LoP Guest Wrote:
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By that reasoning, if a person who uses the term "religious person" asks for religious assistance, and is disappointed by the outcome, that person will blame their dissatisfaction on their inability to manifest their own will and fulfill their self-appointed role as god.
So, 85331, what religion does the phrase "Everyone is religious" identify? One in which a person holds beliefs which are contrary to that person's will, and acts accordingly?
Details of belief as taught or discussed.
Everyone has beliefs, and is preaching them in all that they say and do.
There are only 2 underlying religious beliefs that are possible,
despite the misconception that there are many different ones.
Either one believes in God that created everything, defined "good" and
"evil" within his creation, and made these to be knowable to his creation,
or one believes that there is no God, no "good" and "evil," and no sin. Do
what thou wilt, and might makes right.
Those that fall into the latter faith based religion which necessarily is the
belief that they are god, fancy calling their religion 'non-religious.'
There are those who believe that God created everything, yet also believe that evil and sin are not creations of God, and therefore don't exist except in the minds of those who believe in them.
By your definitions, such a belief is impossible.
The belief that evil and sin "don't exist except in the minds of those who
believe in them" is simply the belief that anything goes.
If God created everything and either did not define evil and/or
make it knowable to his creation, then for all intents and purposes,
evil does not exist.
One can profess to believe in such a god, but it does not change
the fact that by this belief, there is no evil and no sin.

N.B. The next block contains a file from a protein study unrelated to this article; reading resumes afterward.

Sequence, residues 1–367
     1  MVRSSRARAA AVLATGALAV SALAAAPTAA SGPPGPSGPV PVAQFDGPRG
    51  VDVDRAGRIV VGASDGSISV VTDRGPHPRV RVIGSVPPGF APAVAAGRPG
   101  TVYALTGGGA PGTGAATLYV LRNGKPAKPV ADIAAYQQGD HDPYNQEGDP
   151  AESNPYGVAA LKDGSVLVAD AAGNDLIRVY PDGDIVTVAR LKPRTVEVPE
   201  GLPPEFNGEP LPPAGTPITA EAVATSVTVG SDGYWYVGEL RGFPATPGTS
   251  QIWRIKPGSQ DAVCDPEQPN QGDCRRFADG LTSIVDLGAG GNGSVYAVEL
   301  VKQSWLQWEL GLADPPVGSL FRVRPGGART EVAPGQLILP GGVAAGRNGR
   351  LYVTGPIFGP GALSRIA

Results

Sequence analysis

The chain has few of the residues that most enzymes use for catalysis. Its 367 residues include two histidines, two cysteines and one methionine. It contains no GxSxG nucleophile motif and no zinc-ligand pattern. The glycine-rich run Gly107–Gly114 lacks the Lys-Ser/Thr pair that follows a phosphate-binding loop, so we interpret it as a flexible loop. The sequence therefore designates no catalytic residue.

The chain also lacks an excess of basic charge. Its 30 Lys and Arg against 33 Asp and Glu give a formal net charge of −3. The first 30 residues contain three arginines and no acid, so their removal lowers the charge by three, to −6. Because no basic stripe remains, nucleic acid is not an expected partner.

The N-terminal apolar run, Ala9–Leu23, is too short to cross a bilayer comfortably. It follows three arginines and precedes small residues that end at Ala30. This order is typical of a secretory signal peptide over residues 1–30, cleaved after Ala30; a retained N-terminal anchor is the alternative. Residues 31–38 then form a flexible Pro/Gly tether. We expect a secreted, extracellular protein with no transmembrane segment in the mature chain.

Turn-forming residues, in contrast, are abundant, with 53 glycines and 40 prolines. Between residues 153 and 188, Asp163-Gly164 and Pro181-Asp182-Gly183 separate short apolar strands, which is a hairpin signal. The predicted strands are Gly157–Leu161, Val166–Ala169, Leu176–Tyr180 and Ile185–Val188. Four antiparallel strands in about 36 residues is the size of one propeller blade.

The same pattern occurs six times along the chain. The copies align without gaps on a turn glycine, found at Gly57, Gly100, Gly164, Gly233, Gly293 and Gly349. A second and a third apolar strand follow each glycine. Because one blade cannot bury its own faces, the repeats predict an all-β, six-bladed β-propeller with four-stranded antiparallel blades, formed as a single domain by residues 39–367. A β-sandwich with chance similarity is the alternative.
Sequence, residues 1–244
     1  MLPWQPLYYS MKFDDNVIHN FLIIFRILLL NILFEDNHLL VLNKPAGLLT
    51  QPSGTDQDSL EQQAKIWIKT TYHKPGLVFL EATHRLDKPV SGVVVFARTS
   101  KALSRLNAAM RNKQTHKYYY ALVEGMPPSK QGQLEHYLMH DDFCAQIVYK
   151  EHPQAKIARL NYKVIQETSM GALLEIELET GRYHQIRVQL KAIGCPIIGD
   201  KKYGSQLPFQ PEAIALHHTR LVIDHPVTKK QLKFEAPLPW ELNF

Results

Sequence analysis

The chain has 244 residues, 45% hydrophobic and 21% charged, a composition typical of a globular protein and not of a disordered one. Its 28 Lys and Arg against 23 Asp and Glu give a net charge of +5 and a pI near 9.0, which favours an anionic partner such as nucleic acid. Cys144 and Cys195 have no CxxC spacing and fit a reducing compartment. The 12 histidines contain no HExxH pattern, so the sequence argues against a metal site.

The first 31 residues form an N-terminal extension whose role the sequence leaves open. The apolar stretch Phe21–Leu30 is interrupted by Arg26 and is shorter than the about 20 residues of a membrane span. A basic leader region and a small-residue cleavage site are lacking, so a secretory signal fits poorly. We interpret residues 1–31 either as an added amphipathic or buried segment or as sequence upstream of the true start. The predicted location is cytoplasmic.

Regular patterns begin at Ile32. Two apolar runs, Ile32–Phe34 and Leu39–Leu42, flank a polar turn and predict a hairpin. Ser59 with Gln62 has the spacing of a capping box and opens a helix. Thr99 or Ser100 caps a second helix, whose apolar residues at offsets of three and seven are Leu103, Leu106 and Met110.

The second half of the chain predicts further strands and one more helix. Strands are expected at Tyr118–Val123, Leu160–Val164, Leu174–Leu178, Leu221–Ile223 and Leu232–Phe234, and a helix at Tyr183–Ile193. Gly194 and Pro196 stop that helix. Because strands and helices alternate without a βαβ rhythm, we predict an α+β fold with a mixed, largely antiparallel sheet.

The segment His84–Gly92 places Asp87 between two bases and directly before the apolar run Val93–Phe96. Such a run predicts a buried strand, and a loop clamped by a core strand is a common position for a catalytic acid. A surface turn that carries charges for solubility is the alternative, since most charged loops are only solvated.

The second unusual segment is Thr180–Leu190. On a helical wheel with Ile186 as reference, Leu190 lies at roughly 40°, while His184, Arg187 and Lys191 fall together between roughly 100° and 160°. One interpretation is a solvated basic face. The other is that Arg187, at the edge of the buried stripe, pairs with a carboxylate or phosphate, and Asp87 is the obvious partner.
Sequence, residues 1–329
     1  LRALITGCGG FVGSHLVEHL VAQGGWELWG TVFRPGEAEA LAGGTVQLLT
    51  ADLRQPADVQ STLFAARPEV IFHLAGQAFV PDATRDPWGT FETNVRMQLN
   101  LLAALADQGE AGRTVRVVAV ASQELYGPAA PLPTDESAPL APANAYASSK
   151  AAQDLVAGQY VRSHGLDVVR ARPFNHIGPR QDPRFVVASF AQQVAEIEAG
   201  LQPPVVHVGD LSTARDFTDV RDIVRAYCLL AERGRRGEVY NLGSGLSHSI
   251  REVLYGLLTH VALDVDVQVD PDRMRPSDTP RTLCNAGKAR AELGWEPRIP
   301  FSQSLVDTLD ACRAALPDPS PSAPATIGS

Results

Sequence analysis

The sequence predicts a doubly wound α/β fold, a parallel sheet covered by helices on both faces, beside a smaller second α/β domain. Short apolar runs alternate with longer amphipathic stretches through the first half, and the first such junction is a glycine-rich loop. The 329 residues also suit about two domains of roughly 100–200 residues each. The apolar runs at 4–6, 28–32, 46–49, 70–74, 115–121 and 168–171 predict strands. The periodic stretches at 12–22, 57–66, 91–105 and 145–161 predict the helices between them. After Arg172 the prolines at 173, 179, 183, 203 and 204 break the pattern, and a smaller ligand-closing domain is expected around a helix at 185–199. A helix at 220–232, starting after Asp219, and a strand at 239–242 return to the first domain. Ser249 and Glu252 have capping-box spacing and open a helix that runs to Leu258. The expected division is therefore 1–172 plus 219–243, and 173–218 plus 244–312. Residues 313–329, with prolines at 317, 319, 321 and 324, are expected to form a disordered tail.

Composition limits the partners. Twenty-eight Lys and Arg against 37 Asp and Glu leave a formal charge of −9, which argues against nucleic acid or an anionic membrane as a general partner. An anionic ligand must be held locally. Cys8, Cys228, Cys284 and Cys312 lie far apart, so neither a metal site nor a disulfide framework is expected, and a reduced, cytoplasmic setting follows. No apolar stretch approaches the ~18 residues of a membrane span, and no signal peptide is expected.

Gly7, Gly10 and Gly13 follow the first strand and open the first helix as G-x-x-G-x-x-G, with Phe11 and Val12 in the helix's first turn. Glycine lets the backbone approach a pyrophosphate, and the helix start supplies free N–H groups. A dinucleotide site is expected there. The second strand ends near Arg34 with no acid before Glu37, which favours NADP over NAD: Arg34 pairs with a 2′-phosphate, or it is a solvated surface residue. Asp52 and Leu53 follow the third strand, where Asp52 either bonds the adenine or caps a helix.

If sin and evil are beyond the ability of God to define because God
did not create them, then God is not God and, again, there is no
evil and no sin.
Presumably, since you repeatedly condemn such belief, you don't share the belief that people should exercise authority over their own lives.
Everyone has free will to exercise authority over their own life. What
they choose to believe determines how they behave.
Hitler for instance shared your belief that "evil and sin are not creations
of God, and therefore don't exist except in the minds of those who
believe in them."
Somebody else should define good and evil for them. Somebody like you, maybe? 85331, you seem to be awfully fond of defining choices, and insisting not only that they apply to each of us, but that there are no other alternatives. Does that, somehow, make you more comfortable than permitting us to do likewise? Aren't you giving yourself the role of God, by declaring that which is good and that which is evil, and insisting that yours is the only standard by which they can be determined?
Think about that a while.
I'm not declaring what is good and evil which you well know.
Nobody but God who created everything could possibly be qualified to
define good and evil for his creation, as well as make such knowable to
See, I have set before thee this day life and good, and death and evil
If such God does not exist, then there is no good and evil, and no sin.
That is your belief "that evil and sin are not creations of God, and
therefore don't exist except in the minds of those who believe in them."
you seem to be awfully fond of defining choices, and insisting not only that they apply to each of us, but that there are no other alternatives.
This is just goofy. Go ahead and offer an alternative or standard.
If you're upset because you can't, well, the truth (John 14:6) tends
to ruffle the feathers of the wicked.
Everyone is free to believe whatever they want. At least understand
what it is one actually believes, and the consequences of it.
Coming to terms with the sobering reality about one's belief can be
painful, but godly sorrow worketh repentance to salvation (2 Corinthians 7:10).